Forest, Iowa, mammals, non-invasive trapping, prairie, remote-cameras, scent stations
Two common noninvasive (i.e., no stress to the animal) methods used to survey mammals include track stations (i.e., track captures of mammals) and remote camera-traps (i.e., photo-captures of mammals). Our objectives were to compare capture effectiveness of both track stations and remote cameras in both forested and prairie habitats. This project was conducted on 4 study sires (2 forested sires and 2 prairie sites) located in Fayette County, Iowa. Each study site had 6 trapping stations 2:: 100 m apart. We monitored traps for a total of 216 trap nights and we recorded a total of 368 captures composed of 19 different mammal species. We found that in forest habitat remote camera-traps captured significantly more mammals compared to track stations (n = 53) (P<0.01; df = 1) while in prairie habitat we found no significant difference in the number of mammals captured between trap sires (P=0.27; df = 1). We recommend the use of digital remote cameras with no glow infrared technology in combination with the monitoring of mammal tracks to maximize mammal capture effectiveness.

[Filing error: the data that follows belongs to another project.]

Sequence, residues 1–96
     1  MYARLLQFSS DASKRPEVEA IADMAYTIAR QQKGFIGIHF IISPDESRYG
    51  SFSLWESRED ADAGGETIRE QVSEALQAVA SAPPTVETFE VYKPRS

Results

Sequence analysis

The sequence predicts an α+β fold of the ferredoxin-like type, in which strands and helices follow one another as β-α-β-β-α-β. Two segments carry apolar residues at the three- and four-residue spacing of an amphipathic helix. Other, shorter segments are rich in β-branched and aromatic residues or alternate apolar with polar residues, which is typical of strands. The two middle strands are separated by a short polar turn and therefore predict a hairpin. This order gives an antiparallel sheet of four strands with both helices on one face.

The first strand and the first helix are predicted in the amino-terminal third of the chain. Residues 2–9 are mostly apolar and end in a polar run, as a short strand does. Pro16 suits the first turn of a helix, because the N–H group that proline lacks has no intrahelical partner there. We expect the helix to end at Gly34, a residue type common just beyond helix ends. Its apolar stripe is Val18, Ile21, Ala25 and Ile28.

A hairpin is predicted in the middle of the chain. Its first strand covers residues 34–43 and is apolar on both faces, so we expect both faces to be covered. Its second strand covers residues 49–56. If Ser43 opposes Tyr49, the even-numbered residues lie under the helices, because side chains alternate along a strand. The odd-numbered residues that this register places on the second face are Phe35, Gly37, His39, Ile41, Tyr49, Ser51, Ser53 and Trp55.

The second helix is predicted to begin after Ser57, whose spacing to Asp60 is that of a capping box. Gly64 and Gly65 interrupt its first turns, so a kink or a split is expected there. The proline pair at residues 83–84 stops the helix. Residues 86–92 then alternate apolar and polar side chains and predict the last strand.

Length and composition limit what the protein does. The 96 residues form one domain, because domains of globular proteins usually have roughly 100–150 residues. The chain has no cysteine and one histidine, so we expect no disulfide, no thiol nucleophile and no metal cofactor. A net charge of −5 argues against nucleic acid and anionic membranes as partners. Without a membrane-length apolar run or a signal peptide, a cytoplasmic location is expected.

Journal of the Iowa Academy of Science
© Copyright 2011 by the Iowa Academy of Science, Inc.
McKinney, Marc N. and Haines, Aaron M.
"Mammal Capture Success of Scent Stations and Remote Cameras in Prairie and Forest Habitat,"
Journal of the Iowa Academy of Science: JIAS, 117(1-4), 4-8.
Available at: https://scholarworks.uni.edu/jias/vol117/iss1/4